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OPINION — Welcome to the fall edition of Snapshots of Safety. Fall has come and our weather and trees are starting to change. The trees may look beautiful as they change colors and shed their leaves. The outdoor fires, fireplaces, and cocoa drinks can give us a well-needed sense of comfort. With all that in place let us not forget the need to be safe.

Here are four major areas to consider when thinking about safety in this chilly season.

1. Outdoor foliage

The trees are shedding: A couple of things to consider

  • As you get ready to rake up a pile of leaves don’t forget that children and animals may choose to hide or play in those enticing piles.
    • Don’t place the pile in the driveway and make sure the piles are only of leaves. Leaf piles are a lot of fun for kids and pets.
    • Always check when raking or driving over a pile of leaves. You never know what could be hiding in the pile.
  • Most city governments plan a leaf pick-up day with their dates published in our own Racine County Eye.
  • There may be a lot of rain on the way; wet leaves create a hazard on the sidewalk and on the street. If possible, remove the leaves from the sidewalk, especially if they are wet. This will make your sidewalk a safer place to walk for you, your neighbors and even their pets.

Pruning your trees

  • Before you start to prune your trees make sure that you are away from the power lines. According to the U.S. Consumer Product Safety Commission, there are more than 400 deaths each year from electrocution. Let’s not become a statistic.
    • When you use ladders remember to wear the right kind of shoes and proper eye protection.
    • Make sure the ladder is on a firm footing.

2. Fires: great for fall weather

A nice cozy fireplace will soon be glowing

  • If you have a fireplace, make sure your damper is open before using your fireplace, so that the carbon monoxide and smoke stay out of your home. And just as important, make sure to close it after you use your fireplace so a draft will not fill your home and take that comfy warm feeling away.
  • Make sure the kids stay safely away.
  • Also, make sure that there are no flammable items – like towels or rugs – near the fireplace since a single spark can cause a full fire very quickly.
  • A fire extinguisher or a bucket of sand or water may be a good idea near the fireplace.
  • Never leave your fire unattended.
  • And keep the fireplace tools in a safe place, especially if you have small children in the house.
  • Creosote logs are a must.
    • Start the new season of indoor fireplace use with a creosote log. When they burn, they set off chemicals that help the buildup of creosote become ash and easier to clean.
    • Remember that it is a good idea to clean up the ashes after every burn.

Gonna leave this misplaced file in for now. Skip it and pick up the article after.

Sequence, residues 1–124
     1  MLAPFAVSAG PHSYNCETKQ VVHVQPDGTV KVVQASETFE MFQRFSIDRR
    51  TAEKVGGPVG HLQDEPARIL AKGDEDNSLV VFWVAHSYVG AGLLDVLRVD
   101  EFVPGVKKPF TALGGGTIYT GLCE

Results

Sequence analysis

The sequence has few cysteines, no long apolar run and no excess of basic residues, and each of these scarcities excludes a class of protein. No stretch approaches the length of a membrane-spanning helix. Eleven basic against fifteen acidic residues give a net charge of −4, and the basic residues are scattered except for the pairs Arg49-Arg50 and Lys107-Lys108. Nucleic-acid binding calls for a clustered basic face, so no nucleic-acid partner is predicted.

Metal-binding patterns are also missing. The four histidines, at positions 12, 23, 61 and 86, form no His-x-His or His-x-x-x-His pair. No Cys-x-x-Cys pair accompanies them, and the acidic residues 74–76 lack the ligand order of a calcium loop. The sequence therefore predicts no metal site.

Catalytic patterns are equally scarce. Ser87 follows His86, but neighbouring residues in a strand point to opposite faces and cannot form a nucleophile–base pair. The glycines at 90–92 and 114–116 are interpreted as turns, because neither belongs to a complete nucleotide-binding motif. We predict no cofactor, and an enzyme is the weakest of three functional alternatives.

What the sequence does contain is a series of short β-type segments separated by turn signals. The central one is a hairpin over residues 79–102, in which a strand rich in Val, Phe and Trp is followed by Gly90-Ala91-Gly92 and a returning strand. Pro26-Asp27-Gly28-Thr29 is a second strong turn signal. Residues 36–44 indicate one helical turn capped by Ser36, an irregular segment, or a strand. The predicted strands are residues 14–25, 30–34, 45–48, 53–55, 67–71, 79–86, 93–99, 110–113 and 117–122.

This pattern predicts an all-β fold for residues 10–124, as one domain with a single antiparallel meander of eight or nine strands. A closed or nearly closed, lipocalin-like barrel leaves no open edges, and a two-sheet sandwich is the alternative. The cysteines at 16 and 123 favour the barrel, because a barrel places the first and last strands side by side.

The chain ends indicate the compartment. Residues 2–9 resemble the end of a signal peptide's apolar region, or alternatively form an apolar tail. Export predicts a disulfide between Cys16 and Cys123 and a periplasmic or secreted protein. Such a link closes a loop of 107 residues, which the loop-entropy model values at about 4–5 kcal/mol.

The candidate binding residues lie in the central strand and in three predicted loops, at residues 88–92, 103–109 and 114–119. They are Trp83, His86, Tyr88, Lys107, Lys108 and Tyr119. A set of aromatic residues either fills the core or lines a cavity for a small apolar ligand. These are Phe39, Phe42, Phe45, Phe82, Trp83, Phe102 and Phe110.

Outdoor fires

Those outdoor fires are nice but also require some safety concerns.

  • Make sure there is water or sand close by when you have created an outdoor fire.
  • Make sure you know how to use your fire accelerant properly. Remember that fumes can also ignite, so don’t overuse the accelerant.
  • Additionally, check your local ordinances. In some places– like Racine – you are not allowed to have a fire pit, but you may have an outdoor fireplace.
    • In the City of Racine, outside fireplaces and cooking appliances are allowed, as are portable fireplaces, provided they are used in a location not hazardous to life or property.
    • A 15-foot setback from any building or property line is required and recommended UL- or FM-approved models.
    • Materials and fuels used in outdoor fireplaces may not include rubbish, garbage, trash, construction waste, any material made of or coated with rubber, plastic, leather, hazardous chemicals, petroleum-based materials, or any material that produces offensive smoke or odors (city ordinance).

3. Smoke and carbon monoxide detectors

  • Change the battery in your smoke detector and your carbon monoxide detector if you haven’t done so this year already.

4. Test your furnace before it gets cold

As you prepare for fall, and eventually winter, take this preventive safety step.

  • If you have a furnace, test it now for at least 10 minutes.
  • If it needs repairs, it may be a while for:
    • Someone to be able to come to fix it because of the worker shortage.
    • Parts to arrive due to the supply chain issues we are experiencing. It could take months to get a part.

This is a conversation starter and not a comprehensive list. Please use caution when working with fire. Our local fire departments and especially Racine Fire Local 321 care for your safety! As we all do at Racine County Eye.

Henry Perez brings you Snapshots of Safety with the Racine County Eye. – Credit: Loren Lamoreaux

Henry Perez is a retired public safety administrator and a current Alderman in the City of Racine.

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